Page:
Fighting for Wilderness for 40 years

In the late 1960s, Vicky Hoover began leading backpacking trips for the Sierra Club in the Sierra Nevada Mountains of California. Forty years later, after leading countless outings and efforts to save wilderness, she was honored with a Wilderness-Forever Future Award from the Sierra Club. Born in Manhattan, Vicky found her way to California where she started hiking in the Sierras with her husband and young children in 1967. Soon, she and her husband Bill were climbing peaks and leading Sierra Club outings, starting with family-oriented burro trips. By 1981, she had climbed all 247 peaks in the Sierras, but soon extended her love of wilderness to Alaska, Utah and New Zealand.

Vicky’s training as a wilderness advocate began in 1985 when she moved to San Francisco and took a part-time job at the Sierra Club office, where she learned the basics of wilderness politics, grassroots organizing and effective lobbying. She started out mobilizing people in the lower 48 states to support wilderness protection in Alaska, particularly the Arctic, and later worked to help pass the California Desert Protection Act, which designated 69 wilderness areas and created Death Valley and Joshua Tree national parks as well as the Mojave National Preserve. Her efforts succeeded in getting 14 counties to pass resolutions in favor of the bill. “Fourteen out of 58 may not seem like a lot,” she said, “but they were the counties with the majority of the population. They were the ones that counted” (from Great Old Broads for Wilderness).

In the mid-1990s, Vicky worked to defeat the Utah Public Lands Management Act, viewed by many as an anti-wilderness bill. Her role was to set up volunteer phone banks, and the bill was defeated in 1996. After that success, she started the Sierra Club’s California/Nevada Regional Wilderness Committee, monitoring upcoming legislation for wilderness and new threats and management issues on already designated lands.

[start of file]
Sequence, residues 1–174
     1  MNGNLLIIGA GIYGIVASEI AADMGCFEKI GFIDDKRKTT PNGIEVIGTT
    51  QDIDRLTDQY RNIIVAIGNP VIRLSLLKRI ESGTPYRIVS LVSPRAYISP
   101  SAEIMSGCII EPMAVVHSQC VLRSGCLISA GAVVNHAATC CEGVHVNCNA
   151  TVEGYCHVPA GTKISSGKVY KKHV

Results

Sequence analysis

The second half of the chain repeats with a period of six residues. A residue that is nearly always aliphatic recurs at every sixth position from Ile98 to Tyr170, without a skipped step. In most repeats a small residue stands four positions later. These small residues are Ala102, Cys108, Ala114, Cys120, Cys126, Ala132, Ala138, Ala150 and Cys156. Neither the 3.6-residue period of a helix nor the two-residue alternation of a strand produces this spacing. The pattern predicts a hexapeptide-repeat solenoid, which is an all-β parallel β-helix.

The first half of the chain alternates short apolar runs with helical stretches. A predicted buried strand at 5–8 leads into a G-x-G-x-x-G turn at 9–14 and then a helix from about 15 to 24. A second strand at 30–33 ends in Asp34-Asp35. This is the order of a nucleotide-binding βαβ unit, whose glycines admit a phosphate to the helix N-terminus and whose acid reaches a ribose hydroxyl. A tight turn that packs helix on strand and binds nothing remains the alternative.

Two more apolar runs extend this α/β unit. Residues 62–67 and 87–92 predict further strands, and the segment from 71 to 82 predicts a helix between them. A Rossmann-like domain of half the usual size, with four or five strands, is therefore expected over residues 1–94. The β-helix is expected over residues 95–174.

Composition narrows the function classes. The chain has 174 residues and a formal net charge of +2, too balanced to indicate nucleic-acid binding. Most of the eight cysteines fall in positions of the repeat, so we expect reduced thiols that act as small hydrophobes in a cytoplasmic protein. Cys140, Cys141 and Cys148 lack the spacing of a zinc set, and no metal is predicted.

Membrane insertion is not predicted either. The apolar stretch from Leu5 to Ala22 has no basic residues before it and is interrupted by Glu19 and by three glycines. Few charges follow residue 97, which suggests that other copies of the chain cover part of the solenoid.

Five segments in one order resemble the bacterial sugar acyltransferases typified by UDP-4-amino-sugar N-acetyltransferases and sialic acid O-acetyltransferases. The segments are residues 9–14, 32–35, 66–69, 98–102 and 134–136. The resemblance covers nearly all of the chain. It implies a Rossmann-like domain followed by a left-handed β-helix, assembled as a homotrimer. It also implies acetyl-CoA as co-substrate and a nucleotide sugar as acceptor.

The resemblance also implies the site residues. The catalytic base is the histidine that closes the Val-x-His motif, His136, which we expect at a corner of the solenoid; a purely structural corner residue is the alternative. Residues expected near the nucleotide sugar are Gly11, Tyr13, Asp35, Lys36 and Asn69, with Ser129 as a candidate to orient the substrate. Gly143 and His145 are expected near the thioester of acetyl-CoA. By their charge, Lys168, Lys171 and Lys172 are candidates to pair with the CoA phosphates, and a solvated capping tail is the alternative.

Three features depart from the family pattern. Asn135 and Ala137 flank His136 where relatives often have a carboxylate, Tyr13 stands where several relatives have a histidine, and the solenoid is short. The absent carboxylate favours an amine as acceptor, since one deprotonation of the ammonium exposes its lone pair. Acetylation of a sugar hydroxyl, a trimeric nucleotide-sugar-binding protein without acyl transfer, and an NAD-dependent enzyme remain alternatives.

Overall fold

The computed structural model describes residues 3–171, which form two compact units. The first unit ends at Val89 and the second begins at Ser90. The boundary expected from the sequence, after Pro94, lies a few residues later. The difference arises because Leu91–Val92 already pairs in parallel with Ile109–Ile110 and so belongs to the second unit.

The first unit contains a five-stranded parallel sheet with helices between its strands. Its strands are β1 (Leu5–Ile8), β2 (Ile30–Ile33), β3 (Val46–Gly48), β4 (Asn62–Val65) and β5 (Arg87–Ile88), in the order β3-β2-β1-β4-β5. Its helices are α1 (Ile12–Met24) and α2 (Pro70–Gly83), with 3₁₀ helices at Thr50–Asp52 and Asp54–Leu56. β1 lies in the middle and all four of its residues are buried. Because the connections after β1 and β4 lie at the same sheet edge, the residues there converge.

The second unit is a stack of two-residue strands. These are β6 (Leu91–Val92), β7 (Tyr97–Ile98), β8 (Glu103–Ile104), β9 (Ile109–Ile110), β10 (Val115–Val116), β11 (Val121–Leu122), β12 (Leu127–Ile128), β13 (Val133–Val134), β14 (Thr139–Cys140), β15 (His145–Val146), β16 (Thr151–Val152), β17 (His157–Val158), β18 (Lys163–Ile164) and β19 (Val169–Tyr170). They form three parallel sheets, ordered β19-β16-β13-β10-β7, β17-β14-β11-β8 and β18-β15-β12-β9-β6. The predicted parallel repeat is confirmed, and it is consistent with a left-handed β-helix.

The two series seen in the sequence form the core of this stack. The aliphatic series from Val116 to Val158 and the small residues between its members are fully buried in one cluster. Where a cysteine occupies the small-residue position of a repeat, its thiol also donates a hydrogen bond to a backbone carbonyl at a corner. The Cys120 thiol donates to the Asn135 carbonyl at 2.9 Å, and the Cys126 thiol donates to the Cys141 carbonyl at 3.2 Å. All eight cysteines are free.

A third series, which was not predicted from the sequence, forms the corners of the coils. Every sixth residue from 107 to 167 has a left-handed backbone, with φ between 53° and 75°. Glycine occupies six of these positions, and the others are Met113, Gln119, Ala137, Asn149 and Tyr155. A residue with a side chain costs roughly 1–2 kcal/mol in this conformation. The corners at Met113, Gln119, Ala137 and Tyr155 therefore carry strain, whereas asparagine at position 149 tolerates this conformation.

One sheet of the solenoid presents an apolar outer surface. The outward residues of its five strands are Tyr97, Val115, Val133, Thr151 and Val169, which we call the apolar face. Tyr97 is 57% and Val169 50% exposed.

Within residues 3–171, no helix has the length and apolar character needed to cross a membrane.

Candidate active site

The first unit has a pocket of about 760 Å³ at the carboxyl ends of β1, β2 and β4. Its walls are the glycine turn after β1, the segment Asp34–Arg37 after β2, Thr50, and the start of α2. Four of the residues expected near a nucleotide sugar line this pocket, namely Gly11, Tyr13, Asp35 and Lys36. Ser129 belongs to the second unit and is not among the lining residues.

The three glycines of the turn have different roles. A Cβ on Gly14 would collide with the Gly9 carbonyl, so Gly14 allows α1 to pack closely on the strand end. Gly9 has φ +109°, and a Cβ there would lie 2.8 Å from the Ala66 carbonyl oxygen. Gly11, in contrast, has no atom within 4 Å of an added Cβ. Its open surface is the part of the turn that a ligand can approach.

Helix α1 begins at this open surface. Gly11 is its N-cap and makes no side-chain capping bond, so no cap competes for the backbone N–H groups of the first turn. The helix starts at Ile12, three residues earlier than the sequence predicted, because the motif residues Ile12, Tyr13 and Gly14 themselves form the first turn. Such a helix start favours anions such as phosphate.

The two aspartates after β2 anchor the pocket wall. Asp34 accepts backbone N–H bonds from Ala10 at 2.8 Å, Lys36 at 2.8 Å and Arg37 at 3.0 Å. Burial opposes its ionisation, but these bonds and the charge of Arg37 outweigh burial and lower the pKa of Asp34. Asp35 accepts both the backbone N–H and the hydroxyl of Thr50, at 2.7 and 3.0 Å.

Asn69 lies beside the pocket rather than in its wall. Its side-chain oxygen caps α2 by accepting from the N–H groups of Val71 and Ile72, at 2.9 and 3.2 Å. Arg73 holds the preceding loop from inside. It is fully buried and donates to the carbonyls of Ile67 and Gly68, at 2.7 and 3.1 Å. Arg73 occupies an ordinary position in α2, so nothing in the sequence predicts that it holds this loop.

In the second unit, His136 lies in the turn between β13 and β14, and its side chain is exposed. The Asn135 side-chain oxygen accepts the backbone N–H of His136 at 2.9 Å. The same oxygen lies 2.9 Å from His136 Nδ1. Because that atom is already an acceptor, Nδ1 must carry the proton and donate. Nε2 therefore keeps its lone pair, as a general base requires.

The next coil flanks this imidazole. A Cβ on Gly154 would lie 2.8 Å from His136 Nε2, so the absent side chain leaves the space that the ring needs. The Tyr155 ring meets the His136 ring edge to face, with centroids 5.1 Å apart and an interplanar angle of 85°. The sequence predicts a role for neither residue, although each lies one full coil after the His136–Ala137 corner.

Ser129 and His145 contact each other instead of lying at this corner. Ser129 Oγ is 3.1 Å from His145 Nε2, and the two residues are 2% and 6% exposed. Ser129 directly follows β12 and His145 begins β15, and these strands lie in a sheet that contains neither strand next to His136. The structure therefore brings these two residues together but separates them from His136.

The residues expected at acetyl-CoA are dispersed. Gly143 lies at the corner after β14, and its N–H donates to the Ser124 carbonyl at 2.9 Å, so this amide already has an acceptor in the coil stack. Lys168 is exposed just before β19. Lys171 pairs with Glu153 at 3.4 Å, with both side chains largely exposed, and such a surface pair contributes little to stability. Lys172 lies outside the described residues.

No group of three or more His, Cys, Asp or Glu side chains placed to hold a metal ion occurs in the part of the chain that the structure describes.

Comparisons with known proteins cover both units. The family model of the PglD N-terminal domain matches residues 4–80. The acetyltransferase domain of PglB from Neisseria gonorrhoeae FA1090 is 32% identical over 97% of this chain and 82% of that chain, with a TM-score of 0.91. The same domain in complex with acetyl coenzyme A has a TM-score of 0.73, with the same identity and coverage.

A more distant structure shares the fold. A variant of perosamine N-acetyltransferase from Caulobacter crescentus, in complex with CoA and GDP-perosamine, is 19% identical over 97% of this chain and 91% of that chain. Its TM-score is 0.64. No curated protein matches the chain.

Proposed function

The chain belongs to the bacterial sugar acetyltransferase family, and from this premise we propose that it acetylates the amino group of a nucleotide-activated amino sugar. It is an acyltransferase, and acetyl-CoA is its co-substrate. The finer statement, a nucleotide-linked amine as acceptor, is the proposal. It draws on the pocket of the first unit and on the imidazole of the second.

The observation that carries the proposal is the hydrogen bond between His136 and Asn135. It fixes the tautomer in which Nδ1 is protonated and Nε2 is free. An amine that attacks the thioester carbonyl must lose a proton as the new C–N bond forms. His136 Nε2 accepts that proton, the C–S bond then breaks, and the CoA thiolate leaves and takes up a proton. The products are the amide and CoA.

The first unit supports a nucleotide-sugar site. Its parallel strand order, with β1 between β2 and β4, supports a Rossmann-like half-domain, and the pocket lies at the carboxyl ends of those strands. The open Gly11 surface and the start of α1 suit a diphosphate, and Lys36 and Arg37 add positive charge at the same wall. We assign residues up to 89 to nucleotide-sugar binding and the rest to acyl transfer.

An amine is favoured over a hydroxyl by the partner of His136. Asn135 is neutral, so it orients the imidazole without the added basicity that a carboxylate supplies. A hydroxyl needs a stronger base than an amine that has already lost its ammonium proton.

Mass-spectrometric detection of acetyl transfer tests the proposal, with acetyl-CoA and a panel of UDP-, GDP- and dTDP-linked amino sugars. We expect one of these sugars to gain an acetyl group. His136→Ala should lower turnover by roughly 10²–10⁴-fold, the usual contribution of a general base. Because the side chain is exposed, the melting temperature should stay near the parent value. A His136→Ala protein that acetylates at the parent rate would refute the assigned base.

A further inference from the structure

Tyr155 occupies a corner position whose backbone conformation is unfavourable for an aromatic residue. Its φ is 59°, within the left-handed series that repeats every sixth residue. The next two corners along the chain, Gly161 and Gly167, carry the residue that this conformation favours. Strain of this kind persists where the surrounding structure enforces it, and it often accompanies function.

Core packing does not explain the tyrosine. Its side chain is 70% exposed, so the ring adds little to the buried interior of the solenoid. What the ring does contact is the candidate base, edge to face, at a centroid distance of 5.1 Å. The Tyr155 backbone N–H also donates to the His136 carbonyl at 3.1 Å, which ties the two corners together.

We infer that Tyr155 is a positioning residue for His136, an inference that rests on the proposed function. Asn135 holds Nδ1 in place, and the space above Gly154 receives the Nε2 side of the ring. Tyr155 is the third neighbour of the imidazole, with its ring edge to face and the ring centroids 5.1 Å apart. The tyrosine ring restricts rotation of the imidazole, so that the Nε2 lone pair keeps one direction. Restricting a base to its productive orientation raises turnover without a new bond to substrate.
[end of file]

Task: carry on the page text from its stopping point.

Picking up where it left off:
In the wilderness excursions she leads, Vicky teaches participants about wilderness issues and advocacy, often involving some kind of service, such as removing invasive Russian olive trees near Utah’s Escalante River or building barriers in Nevada to protect wildlands from off-road vehicles.

As a wilderness advocate, she has worked methodically over months and years, building relationships with sympathetic federal agencies and legislative staff. Of her ability to stay committed over long periods of time, never appearing to get discouraged, Vicky says, “I don’t think of it as dedicating myself to a cause; the cause is not separate from me—it’s part of my life. It’s what I am” (from The Yodeler).


One Woman’s Amazing Work,” Coming Clean blog,Sierra Club
Sierra Club Volunteer Vicky Hoover Honored with A Wilderness-Forever Future Award,” Sept. 17, 2014,Sierra Club
Tireless wilderness advocate: the Bay Chapter’s Vicky Hoover,” Sept. 9, 2014, The Yodeler
“Broad in the Background: Vicky Hoover Wilderness Educator and Advocate,”Great Old Broads for Wilderness

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